The figure behind the rise and rise of CABE, Jon Rouse, has resigned as chief executive.
Rouse, who has stewarded the commission during its growth from a skeleton staff of four to an 80-strong organisation with a multimillionpound budget, this week announced he is moving to head up the Housing Corporation.
Rouse pledged to take his commitment to promoting good design into his new post, where he will be guiding a major programme of investment in new social housing.
Rouse told the AJ it was 'time for a new challenge' and that he was looking forward to the 'huge task' awaiting him at the Housing Corporation to meet 'the paramount need for affordable housing'.
He added he would be bringing in 'checks and balances' to ensure the rapid rise in quantity of affordable housing would not be at the expense of quality.
The news was greeted with regret from figures across the profession this week, and warnings that the organisation must not lose its focus.
Les Sparks, the commissioner for both CABE and English Heritage, applauded Rouse for 'establishing the credibility of CABE with government' and broadening the body's remit to embrace the whole of the built environment.
Rowan Moore, director of the Architecture Foundation, said: 'It's pretty amazing to have got an organisation dedicated to architecture to be taken seriously by government, and Jon's had a lot to do with that.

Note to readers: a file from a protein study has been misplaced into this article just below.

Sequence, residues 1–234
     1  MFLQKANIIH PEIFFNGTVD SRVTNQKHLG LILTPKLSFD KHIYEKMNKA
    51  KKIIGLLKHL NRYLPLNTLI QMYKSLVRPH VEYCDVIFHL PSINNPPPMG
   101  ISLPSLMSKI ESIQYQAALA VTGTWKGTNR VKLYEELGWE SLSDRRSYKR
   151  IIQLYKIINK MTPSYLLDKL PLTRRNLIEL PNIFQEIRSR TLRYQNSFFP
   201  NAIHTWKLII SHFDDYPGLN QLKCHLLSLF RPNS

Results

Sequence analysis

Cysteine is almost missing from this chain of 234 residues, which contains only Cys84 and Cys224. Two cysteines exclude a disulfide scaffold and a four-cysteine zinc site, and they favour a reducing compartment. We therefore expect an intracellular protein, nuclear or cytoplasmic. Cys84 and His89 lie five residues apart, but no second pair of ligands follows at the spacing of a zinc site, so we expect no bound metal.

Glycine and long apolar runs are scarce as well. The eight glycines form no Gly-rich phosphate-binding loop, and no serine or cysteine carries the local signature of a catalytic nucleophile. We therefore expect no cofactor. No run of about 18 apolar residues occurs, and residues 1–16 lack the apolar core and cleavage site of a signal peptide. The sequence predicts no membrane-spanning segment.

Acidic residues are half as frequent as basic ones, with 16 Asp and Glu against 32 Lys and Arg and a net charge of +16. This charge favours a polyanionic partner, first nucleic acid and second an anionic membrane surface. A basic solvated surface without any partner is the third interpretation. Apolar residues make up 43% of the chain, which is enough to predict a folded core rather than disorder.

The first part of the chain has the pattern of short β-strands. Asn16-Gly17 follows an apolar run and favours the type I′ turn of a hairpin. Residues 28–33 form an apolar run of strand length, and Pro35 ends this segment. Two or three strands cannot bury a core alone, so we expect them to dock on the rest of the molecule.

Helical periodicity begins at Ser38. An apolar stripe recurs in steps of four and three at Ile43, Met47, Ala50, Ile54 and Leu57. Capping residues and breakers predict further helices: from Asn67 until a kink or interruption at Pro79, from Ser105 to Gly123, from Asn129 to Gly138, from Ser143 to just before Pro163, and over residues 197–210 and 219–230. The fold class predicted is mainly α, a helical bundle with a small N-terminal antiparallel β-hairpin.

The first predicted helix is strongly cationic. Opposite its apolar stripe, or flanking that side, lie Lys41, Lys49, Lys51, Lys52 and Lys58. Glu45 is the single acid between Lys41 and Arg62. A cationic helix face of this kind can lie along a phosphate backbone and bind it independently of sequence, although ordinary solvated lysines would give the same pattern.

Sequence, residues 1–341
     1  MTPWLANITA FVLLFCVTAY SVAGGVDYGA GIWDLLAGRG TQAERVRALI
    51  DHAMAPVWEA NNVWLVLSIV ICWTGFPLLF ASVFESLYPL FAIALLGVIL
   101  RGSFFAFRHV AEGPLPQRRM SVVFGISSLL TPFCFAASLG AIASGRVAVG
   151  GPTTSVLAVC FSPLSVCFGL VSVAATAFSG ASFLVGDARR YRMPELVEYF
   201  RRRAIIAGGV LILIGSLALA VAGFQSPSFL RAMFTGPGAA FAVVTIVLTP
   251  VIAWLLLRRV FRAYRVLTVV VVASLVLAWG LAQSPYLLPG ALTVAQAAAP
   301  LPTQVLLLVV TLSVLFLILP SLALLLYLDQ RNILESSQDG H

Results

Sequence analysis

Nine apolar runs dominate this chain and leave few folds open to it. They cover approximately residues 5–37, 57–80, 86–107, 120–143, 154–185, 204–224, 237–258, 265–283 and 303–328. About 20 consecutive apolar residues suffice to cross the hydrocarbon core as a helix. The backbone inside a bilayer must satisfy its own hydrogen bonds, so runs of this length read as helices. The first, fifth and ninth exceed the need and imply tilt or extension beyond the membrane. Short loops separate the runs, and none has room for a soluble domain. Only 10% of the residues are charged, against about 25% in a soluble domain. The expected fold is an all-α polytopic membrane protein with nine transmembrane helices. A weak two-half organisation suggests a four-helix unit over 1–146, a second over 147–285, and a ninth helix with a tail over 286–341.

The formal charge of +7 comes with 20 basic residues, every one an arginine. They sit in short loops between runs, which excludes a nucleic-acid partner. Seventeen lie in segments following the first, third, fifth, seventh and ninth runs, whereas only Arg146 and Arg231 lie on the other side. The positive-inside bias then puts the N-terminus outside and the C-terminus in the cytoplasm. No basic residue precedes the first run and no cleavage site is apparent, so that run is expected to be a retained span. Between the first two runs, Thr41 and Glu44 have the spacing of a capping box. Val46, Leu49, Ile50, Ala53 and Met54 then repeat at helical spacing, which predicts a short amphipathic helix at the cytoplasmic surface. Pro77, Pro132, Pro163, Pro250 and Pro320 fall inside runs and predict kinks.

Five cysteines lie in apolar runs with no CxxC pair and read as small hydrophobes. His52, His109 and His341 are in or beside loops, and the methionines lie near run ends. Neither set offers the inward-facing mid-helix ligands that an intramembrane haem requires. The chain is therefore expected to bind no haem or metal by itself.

'But CABE now needs to consolidate where it is and be careful it doesn't become too centralised and try to do everything itself.'
Developer Roger Zogolovitch said the commission had become an effective forum for debate about design quality and had 'without doubt' forced developers to up design quality.
But he questioned whether CABE should be attempting to deal with issues of public space through CABE Space, when other organisations could do this work better.
He also warned that Rouse's successor 'must retain the powerful singleminded leadership Rouse provided. I'd hate to see CABE drift off to become one of those quangos with no clear direction.'
The post will be widely advertised and Rouse said he expected many exceptional candidates, both internally and externally, to apply.
Rouse joined CABE shortly after it was set up in 1999, when it had a staff of four and a budget of £1.5 million, controlled by the DCMS. Today CABE's total budget stands at £12.1 million, with income from a variety of sources including the ODPM, the Department of Health, the Arts Council and the Housing Corporation.
Under his stewardship, the initial remit has grown over the years to encompass educational work, media campaigns including an advisory role on Channel 4's Castleford Project, and its new public space arm, CABE Space.